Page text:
Doctor with Terminal Diagnosis Now Cancer-Free After First-of-Its-Kind Treatment

Andy Dean Photography /
Andy Dean Photography /

When you’re given a terminal diagnosis, it’s hard to have hope sometimes. Thankfully, the human will to live can beat even the worst odds, particularly when mixed with some groundbreaking research.

Introducing Australian pathologist and oncologist Richard Scolyer.

When he was traveling through Europe last year, he suffered a seizure. Following extensive testing, it was discovered that the world-renowned doctor had a particularly aggressive and terminal form of brain cancer known as glioblastoma. He was given about a year or so to live.

But given that he is an oncologist, he had access to some things most of us don’t. In fact, it was his own work in the field that has supposedly led to a now cancer-free MRI over a year after his terminal diagnosis.

As BBC reported, Scolyer has been working on immunotherapy treatments for melanoma, a type of skin cancer, for some time. During his time doing so, nearly half of his patients receiving such treatment have seen dramatic success and are now cancer-free as well.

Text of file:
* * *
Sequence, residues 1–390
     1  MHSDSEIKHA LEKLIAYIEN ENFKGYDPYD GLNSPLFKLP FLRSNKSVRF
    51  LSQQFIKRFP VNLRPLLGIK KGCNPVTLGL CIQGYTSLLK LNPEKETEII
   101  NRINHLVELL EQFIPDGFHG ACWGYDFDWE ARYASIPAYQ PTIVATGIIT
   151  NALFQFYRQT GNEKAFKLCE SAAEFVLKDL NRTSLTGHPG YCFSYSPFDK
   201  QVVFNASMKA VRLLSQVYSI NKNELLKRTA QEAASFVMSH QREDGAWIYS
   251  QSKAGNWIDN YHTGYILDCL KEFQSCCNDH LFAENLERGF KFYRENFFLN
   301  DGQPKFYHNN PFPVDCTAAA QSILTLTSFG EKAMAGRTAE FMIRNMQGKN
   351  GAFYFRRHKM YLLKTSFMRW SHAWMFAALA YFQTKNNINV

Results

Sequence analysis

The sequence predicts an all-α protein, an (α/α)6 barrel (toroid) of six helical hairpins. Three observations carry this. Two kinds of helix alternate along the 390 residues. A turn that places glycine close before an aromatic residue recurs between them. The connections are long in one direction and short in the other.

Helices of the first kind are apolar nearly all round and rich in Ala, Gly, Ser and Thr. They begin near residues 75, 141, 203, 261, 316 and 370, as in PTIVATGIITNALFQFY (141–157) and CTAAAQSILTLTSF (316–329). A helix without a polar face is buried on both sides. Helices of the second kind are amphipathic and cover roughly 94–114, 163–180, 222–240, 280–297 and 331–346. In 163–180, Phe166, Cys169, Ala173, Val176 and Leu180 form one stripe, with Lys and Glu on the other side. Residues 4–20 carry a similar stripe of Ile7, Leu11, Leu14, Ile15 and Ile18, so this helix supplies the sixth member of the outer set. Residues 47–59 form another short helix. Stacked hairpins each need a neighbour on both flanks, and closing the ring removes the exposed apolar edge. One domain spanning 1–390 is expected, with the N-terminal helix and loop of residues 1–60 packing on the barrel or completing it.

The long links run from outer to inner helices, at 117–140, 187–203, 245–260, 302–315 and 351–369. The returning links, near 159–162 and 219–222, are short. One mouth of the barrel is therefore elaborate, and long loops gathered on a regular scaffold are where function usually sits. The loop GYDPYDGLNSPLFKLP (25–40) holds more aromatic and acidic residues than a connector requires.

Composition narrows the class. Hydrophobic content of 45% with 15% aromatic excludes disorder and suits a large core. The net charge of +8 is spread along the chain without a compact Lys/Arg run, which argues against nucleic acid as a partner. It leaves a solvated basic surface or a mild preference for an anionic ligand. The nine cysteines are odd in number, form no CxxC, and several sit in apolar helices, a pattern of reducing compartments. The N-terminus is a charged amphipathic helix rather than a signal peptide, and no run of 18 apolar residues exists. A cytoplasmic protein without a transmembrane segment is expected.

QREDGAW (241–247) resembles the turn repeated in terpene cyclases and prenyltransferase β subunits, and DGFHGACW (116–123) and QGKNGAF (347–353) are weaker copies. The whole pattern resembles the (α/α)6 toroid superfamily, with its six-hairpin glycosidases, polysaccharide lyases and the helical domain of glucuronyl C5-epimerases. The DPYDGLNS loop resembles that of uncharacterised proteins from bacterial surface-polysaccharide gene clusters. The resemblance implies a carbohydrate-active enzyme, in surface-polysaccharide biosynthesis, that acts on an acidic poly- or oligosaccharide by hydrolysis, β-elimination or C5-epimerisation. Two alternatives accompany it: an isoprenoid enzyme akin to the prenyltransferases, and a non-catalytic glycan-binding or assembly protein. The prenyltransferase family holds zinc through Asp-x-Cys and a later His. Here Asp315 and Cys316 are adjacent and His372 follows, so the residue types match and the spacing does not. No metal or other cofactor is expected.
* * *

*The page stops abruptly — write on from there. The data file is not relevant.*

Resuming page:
In fact, his treatments have been sought by melanoma patients worldwide due to their success.

So he and his medical team, including his colleague Georgina Long at Melanoma Institute Australia, carefully curated a plan in the hopes that his approach to immunotherapy could work for him.

To his credit, it did, or at least that’s what all the tests show so far.

Now, of course, the process was not without its woes. Pneumonia, liver issues, and seizures did plague the good doctor for a while.

But now, he says he’s “the best I have felt for yonks (a long time.)”

He and his staff admit that he might not be completely out of the woods yet. Fellow oncologist Roger Stupp says Scolyer’ssuccess should be heavily monitored, and he’d like to see MRI results in another six months or so.

However, Scolyer’s most recent MRI has given them hope. It’s also given him more of a reason to continue his work in the hopes that similar results can be given to other cancer patients.